Better Than DIY: Why Guitar Lessons Make A Difference For Kids

If your child wants to learn to play the guitar, you might be tempted to let them use online videos and other resources like chord charts and tabs to help them teach themselves. Guitar is an easier instrument to self-teach, but kids can benefit from real guitar lessons for several reasons. Learn why taking actual lessons might be better than a DIY approach to learning guitar. 

1. Fitting the instrument properly

A guitar teacher may have an array of guitars to chose from and can help your child begin with a guitar that properly fits their body. This way, you know what size of instrument to rent or buy. The guitar is cumbersome, and can be hard for children to handle, so using a large, adult-sized guitar can make learning difficult.

2. Avoiding bad habits

Self-trained guitarists learn bad habits in order to make playing easier at first but then playing becomes harder later. For example, most guitarists begin by learning on an acoustic guitar. They start by learning some chords and strum patterns. However, the strumming hand needs to be held properly in order to mute or unmute the unplayed strings or played strings, depending on the desired sound. Once you plug a guitar into an amp, the sound of your hand brushing against the strings becomes audible and makes for some messy and even unpleasant music. It's hard to change the way your hand sits on the guitar after teaching yourself to play one way. Start your child off right by getting professional lessons at the start. Proper form is just as important for the guitar as it is for the piano or violin.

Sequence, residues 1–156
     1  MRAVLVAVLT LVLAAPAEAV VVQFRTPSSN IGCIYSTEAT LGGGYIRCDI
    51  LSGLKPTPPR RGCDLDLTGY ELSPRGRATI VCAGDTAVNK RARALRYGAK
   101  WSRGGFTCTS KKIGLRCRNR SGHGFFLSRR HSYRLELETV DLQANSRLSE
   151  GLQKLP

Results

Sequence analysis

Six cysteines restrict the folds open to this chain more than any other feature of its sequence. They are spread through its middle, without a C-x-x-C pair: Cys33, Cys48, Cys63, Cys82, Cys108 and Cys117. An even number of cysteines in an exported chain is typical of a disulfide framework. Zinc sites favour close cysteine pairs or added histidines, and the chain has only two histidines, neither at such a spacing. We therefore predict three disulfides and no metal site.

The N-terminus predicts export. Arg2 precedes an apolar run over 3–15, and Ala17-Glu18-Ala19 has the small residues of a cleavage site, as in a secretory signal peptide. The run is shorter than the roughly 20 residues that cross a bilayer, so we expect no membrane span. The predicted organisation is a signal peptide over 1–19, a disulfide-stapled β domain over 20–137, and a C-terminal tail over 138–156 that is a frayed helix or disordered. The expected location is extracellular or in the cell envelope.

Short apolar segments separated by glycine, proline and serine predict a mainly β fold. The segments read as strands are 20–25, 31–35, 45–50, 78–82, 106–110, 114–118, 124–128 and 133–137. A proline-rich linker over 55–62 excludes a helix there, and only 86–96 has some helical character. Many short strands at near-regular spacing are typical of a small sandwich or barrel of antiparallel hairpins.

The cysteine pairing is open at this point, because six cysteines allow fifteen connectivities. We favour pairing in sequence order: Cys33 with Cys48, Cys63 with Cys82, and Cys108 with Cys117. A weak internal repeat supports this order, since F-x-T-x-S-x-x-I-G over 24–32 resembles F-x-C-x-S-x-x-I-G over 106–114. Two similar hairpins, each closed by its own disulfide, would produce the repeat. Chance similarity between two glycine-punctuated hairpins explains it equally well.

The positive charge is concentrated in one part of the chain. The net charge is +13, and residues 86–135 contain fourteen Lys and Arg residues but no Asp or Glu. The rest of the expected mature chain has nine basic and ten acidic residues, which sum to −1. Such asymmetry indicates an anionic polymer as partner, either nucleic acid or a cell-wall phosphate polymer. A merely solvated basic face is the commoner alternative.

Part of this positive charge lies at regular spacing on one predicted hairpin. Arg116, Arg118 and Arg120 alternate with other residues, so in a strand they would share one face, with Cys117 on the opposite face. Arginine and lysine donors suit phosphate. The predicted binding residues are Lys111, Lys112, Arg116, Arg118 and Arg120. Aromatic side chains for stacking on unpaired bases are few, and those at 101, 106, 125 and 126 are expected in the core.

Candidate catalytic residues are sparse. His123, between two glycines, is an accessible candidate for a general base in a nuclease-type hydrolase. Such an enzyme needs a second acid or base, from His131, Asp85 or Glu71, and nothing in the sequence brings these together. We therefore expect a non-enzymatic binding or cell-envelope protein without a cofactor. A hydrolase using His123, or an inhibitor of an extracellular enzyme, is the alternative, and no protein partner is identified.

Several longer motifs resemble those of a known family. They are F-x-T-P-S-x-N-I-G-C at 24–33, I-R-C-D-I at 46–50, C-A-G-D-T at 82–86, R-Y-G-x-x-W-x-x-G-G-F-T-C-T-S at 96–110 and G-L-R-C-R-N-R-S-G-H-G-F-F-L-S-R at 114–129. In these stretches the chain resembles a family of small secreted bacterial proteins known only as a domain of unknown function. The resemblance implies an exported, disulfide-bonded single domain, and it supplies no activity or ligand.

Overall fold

3. Musical theory and training

You can learn to play a song on the guitar without learning any of the notes, any of the song theory, or even any of the strong names. A self-taught guitarist might be able to play plenty fo tabs or even strum the chords of some songs, but if you ask them to compose or give you a note on the guitar, they will be lost. A good guitarist can improvise, follow along, and pick up tunes by knowing the theory of how the guitar works and how music is adapted to guitar. Your child will learn this ability with lessons.

4. Encouragement during the initial starting phase.

Starting guitar is the hardest part of getting going. Your child's fingers and wrists might be sore from pushing down strings, and they might want to quit. A professional teacher can be more influential than a parent or internet video in helping a kid feel confident enough to keep playing.